October 16, 2009
The UNESCO World Heritage Centre on its 33rd Session, has recently designated the Sacred City of Caral, in Peru, as a World Patrimony of Mankind and Cultural Heritage Site, to honor its superb historic value and excellent conservation status.
Located on the Supe valley, 184 kilometers north of Lima, in a dry desert terraced plateau and overlooking the verdant valley of the Supe River; the 5000 thousand year old Caral archaeological complex comprises an area of 626 hectares and is considered the oldest centre of civilization in the Americas.
The Sacred City has been exceptionally well preserved and features a complex and impressive architectural design which includes monumental stone and earthen platform mounts, along with sunken circular courts and six large pyramidal structures. It dates back to the Late Archaic Period of the Central Andes. The city plan, its components and pyramidal structures evidence ceremonial functions, residential hierarchies and a strong religious spirit of the ancestral inhabitants of this extraordinary urban center, older than many famous settlements of Egypt or Mesopotamia. A “Quipu” (the knot-writing system developed by several pre-Incan Andean cultures) provides fascinating testimonies and evidences of the Caral Society, its organization and structure.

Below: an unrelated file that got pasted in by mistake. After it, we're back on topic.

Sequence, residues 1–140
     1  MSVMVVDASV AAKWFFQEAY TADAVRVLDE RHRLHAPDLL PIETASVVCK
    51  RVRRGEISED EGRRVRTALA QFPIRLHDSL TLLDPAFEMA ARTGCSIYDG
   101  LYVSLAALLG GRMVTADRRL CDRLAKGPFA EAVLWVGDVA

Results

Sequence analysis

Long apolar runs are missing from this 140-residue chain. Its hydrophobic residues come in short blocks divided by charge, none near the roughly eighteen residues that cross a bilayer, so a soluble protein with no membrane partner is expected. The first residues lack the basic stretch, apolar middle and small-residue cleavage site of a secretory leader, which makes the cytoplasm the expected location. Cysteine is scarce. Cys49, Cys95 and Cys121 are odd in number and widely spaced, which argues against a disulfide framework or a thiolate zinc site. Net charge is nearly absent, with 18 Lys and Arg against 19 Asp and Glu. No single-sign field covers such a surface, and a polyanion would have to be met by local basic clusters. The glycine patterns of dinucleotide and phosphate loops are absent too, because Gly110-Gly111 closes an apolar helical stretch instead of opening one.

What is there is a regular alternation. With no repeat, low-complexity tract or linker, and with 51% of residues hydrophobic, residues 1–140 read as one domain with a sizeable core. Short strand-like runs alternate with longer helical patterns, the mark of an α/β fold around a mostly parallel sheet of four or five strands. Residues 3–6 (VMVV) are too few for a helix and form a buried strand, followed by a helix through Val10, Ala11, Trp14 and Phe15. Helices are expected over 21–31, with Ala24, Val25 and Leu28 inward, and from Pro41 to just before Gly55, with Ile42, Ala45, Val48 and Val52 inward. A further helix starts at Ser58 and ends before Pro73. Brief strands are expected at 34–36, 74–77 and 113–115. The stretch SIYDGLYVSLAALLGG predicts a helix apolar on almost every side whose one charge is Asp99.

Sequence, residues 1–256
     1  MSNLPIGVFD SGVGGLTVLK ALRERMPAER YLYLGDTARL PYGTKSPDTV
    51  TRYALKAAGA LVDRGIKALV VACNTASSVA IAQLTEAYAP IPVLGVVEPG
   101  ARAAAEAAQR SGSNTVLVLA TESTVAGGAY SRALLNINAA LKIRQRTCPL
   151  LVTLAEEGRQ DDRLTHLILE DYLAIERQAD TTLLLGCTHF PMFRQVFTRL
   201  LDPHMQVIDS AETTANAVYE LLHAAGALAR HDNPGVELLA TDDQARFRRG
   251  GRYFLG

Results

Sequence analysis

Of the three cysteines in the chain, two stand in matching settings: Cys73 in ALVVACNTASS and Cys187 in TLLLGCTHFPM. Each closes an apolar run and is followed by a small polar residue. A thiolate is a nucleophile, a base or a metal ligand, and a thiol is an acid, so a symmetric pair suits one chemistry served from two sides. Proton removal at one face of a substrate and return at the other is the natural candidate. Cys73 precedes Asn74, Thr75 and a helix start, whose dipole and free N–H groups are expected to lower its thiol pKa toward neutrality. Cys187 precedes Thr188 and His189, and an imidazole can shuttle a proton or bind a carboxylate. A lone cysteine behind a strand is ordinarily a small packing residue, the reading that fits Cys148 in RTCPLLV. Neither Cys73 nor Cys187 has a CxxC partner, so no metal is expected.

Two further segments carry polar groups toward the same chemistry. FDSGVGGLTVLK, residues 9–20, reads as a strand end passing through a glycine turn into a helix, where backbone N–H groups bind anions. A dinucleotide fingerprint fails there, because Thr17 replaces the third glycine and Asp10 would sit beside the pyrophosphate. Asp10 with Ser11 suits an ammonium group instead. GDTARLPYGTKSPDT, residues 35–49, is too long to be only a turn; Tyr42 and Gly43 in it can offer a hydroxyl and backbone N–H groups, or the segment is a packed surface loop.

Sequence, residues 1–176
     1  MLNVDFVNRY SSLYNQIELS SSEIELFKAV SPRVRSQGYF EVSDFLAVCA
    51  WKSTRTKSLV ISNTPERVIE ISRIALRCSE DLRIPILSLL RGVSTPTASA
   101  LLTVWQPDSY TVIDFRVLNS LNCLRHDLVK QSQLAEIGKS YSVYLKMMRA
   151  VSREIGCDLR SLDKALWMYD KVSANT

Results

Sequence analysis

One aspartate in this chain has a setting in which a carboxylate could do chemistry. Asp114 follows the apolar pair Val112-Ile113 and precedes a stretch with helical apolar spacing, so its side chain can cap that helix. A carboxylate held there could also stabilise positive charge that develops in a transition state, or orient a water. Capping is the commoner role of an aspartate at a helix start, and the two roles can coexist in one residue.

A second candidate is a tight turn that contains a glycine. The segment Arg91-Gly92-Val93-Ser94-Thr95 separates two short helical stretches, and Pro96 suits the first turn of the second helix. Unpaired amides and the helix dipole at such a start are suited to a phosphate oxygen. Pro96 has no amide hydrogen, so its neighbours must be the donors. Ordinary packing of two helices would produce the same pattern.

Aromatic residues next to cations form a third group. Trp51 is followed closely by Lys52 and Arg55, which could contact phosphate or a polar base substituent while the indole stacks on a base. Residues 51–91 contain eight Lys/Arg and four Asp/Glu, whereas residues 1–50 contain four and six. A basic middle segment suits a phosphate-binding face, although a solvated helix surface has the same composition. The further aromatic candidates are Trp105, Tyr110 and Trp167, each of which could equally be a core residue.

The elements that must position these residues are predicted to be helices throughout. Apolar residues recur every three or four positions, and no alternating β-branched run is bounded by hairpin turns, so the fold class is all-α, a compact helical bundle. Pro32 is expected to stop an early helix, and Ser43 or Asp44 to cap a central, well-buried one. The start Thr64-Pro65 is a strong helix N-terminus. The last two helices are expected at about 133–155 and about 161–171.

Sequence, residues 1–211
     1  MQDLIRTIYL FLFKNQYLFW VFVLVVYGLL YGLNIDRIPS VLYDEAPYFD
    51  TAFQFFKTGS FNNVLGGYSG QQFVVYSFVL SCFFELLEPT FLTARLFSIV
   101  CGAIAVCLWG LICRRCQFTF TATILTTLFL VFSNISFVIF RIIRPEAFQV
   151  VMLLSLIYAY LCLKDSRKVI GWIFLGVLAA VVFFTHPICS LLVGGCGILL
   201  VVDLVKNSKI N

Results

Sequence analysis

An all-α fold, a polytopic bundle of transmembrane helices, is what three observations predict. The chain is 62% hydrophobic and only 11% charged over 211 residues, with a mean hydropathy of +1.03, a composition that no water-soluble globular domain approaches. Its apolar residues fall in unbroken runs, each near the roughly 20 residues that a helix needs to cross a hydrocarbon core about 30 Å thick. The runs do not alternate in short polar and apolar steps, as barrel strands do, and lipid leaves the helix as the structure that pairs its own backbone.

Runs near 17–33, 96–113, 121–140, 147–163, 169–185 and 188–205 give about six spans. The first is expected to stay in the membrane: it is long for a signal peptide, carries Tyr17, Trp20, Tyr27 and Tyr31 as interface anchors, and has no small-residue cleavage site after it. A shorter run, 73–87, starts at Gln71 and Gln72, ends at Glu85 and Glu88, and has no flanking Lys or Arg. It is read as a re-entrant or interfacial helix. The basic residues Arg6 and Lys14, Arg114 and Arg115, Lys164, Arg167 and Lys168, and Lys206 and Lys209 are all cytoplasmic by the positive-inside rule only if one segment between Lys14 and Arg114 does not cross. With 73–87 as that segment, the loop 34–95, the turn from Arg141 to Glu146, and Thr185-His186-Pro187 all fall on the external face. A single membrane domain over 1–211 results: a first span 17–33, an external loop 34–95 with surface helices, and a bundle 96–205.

The Caral-Supe Sacred City has been and will continue under the management of the Caral-Supe Special Archaeological Project (PEACS) which has been working for the last 15 years in unveiling the secrets of this remote civilized Andean centre and promoting its conservation. The nomination of World Heritage Site given by UNESCO not only rewards the dedicated work made by those who have taken care of such a historically rich patrimony, but also recognizes its historic, cultural and historic value. The nomination implies special protection and access to international funds and a series of measures to ensure its long-term conservation and further studies.
With this new honor awarded to the ancient cultures of Peru, new opportunities also rise for those interested in cultural tours, focused particularly on archaeology and sociological studies. The relatively short distance from the capital city of Lima could well provide easier and better accesses to the complex, while, most likely, strict rules, regulations, restrictions and limits may be imposed for visitation of this historic and now Mankind Patrimonial Site.